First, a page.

Sadabahar, or periwinkle, is a commonly found plant in India and is said to be native to Madagascar. It is an evergreen shrub that works as an ornamental plant and for medicinal purposes. The smooth, glossy and dark green coloured leaves along with flowers are said to act as natural medicine for type-2 diabetes. According to Ayurvedic expert Dr. Ashutosh Gautam, "sadabahar flowers and leaves are used to control blood sugar levels. One can have herbal tea made from flowers and leaves in the morning or you can also chew some three to four leaves to get effective results."
Health Benefits Of Sadabahar For Diabetes
Sadabahar has long been used in Ayurveda and Chinese medicines and is said to be a time-tested herbal treatment for managing conditions like diabetes, malaria, sore throats and leukaemia. Vinca rosea contains two active compounds, the alkaloids and the tannins. It is believed that the plant has more than 100 alkaloids, of which vincristine and vinblastine are most notable for their medicinal benefits.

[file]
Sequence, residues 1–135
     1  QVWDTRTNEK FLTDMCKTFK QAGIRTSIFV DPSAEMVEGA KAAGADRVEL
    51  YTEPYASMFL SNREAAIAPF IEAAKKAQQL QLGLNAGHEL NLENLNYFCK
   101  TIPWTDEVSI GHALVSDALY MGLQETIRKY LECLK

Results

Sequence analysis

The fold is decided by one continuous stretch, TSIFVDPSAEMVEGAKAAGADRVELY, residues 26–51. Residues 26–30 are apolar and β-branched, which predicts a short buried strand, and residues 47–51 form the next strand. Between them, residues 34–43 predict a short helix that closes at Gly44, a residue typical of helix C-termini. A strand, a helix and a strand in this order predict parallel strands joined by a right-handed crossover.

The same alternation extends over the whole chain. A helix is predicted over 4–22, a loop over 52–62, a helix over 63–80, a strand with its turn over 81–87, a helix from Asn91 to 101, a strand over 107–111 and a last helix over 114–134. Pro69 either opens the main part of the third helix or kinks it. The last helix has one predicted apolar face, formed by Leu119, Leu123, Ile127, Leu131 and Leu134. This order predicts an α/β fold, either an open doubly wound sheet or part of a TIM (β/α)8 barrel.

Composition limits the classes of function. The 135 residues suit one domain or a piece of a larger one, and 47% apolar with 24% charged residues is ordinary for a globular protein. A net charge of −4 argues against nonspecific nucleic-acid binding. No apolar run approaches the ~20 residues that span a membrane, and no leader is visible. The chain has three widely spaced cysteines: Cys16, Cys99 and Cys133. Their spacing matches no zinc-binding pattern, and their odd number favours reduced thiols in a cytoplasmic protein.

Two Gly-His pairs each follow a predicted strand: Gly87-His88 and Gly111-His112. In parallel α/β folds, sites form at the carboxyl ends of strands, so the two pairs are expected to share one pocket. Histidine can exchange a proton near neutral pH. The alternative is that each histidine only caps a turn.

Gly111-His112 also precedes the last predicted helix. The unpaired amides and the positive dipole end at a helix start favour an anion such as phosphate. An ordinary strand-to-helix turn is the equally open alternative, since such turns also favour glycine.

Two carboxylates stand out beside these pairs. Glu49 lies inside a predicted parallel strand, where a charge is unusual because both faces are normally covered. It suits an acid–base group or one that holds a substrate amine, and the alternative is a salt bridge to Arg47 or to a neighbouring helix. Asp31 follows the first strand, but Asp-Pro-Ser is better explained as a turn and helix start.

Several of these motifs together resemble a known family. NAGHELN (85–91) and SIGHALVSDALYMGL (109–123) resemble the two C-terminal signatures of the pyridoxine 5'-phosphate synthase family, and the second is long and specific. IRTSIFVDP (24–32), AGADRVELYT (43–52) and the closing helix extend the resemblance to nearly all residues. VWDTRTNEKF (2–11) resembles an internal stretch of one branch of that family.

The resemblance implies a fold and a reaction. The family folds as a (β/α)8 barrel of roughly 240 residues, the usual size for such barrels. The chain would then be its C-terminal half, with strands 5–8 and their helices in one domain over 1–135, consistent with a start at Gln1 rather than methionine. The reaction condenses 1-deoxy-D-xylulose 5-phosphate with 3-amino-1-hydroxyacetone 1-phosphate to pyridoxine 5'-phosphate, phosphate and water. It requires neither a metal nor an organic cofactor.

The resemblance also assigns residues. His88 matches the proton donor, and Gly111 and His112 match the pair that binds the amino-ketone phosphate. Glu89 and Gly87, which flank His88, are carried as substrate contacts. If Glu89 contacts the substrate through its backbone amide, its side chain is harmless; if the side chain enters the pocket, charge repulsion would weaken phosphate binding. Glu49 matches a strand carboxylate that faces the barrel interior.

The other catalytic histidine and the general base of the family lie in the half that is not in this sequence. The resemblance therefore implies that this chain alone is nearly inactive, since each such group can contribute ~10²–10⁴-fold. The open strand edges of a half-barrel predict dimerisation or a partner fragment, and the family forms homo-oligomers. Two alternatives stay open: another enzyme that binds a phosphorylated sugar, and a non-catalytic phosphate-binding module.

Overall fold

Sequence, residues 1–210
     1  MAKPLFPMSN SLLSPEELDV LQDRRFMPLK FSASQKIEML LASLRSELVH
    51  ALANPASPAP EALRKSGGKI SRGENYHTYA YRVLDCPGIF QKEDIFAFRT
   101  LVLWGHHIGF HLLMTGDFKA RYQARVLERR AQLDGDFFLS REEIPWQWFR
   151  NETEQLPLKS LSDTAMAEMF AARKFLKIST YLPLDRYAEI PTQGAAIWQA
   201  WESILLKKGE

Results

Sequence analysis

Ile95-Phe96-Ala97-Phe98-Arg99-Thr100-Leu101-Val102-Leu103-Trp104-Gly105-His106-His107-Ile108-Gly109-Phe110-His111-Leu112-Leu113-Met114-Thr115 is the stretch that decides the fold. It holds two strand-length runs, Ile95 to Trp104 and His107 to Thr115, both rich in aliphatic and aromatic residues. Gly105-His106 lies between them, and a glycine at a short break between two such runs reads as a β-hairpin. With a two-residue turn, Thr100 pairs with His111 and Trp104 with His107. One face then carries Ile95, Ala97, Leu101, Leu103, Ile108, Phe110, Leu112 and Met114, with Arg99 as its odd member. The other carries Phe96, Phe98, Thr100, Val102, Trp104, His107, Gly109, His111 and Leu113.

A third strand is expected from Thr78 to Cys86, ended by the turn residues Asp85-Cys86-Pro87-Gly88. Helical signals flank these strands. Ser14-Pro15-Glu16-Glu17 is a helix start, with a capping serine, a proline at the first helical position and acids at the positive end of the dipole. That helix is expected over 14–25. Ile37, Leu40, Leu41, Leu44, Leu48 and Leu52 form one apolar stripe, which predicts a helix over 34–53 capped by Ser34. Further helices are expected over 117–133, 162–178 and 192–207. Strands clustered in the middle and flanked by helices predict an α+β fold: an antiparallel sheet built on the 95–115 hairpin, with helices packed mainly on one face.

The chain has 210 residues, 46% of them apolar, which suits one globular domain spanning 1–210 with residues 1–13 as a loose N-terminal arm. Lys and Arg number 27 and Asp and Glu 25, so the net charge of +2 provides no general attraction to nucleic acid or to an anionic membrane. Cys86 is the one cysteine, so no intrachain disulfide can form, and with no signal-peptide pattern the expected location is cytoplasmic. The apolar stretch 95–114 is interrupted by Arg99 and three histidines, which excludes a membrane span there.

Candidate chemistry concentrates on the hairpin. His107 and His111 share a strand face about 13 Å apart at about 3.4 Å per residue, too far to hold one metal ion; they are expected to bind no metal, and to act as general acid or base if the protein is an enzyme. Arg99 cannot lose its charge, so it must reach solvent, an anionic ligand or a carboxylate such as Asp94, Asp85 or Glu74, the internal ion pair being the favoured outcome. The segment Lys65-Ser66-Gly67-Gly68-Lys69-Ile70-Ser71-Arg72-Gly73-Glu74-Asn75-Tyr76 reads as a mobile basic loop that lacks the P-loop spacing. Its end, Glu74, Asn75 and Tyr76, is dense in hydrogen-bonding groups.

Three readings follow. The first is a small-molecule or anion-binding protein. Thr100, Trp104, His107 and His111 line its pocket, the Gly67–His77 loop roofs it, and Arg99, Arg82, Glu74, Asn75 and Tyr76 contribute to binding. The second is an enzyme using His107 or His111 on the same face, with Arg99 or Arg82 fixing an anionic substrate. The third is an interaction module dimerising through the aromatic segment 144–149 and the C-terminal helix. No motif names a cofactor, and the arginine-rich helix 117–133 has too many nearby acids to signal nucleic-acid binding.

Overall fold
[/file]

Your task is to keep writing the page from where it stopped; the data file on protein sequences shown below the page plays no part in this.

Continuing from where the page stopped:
How To Use Sadabahar For Diabetes?
The fresh leaves of sadabahar can be dried, powdered and stored in an air-tight container.
Consume one teaspoon of this dried leaf powder with a cupful of fresh fruit juice or water daily. The powder may taste bitter.
Take not more than three to four leaves of the plant and chew them to manage blood sugar levels through the day.
Take the pink coloured flowers of the sadabahar plant and boil them in a cupful of water. Strain the water and drink it every morning on an empty stomach.
Make sure you consult a certified Ayurvedic expert or a diabetologist. If you are taking any medications for diabetes and this herb simultaneously, chances are that the blood sugar levels may drop significantly.